Parents’ anxiety, depression correlates with fussy eating in kids, study finds
Putting on a happy face could help children have happy plates, suggests new research that links parents’ anxiety and depression with an increased risk of children becoming “fussy eaters.”
Approximately 30% of 4-year-olds in The Netherlands are fussy or picky eaters, and more likely than not their parents suffered from anxiety or depression during pregnancy or the children’s early years of life, according to a study published Feb. 23 in the Archives of Disease.
The study, which included 4,746 4-year-olds and their parents, found a direct correlation between 4-year-olds who were picky eaters and mothers who were anxious or depressed during pregnancy and the preschool period, and fathers who were depressed during the pregnancy or anxious during the early years.
The analysis revealed a point by point increase in toddlers’ scores on a food fussiness scale and parents’ anxiety or depression during the first years of their children’s lives. A similar relationship also was found in father-child pairs for depression during the pregnancy, but not for anxiety during the pregnancy.
The association between mothers’ anxiety and depression levels and their children’s eating is largely consistent with previous research, which was unable to untangle if the mothers’ mental state was the cause or effect of children being picky eaters.
However, this study suggests that a mother’s symptoms during pregnancy could cause children to becoming picky eaters later, rather than the children causing the mother's anxiety by not eating. This is based on the observation that a mother’s mental state during pregnancy predicted 4-year-old’s fussy eating, even if the mom was fine during the first three years of the child’s life. The strength of this conclusion is weakened somewhat by the study being observational, which means further analysis is needed to substantiate this hypothesis beyond correlation.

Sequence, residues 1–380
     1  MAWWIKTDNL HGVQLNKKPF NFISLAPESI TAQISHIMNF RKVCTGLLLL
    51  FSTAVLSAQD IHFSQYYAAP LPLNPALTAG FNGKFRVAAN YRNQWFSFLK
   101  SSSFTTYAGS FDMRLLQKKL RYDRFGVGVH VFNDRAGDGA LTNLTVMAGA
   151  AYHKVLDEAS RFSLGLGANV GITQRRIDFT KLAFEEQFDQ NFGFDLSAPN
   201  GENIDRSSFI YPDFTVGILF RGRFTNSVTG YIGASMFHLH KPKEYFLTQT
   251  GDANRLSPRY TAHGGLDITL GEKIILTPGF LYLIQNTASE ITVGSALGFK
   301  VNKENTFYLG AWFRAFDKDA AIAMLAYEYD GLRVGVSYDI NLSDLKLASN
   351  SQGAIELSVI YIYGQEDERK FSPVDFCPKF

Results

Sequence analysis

Similarly, the observed link between fathers’ depression during pregnancy and children’s attitudes toward eating could be due to the hereditary nature of depression, the study suggests.
The same explanation does not hold true though for the impact of fathers’ anxiety. Given that their anxiety was associated with picky eating only after birth, and not during pregnancy, suggests the relationship is based on parenting behaviors rather than inherited traits. For example, the fathers’ anxiety could lead to too much pressure on children to eat, which could prompt them to turn away from foods, the authors suggest.
The study also notably observed that not only do parents’ severe anxiety and depression impact children’s eating, but also milder forms of internal problems can influence their eating.
As a result, the authors suggest that parents’ mental states should be considered when preventing or managing children’s fussy eating, which can lead to constipation, weight problems and behavior problems – all of which can place more stress on parents and potentially exacerbate the situation.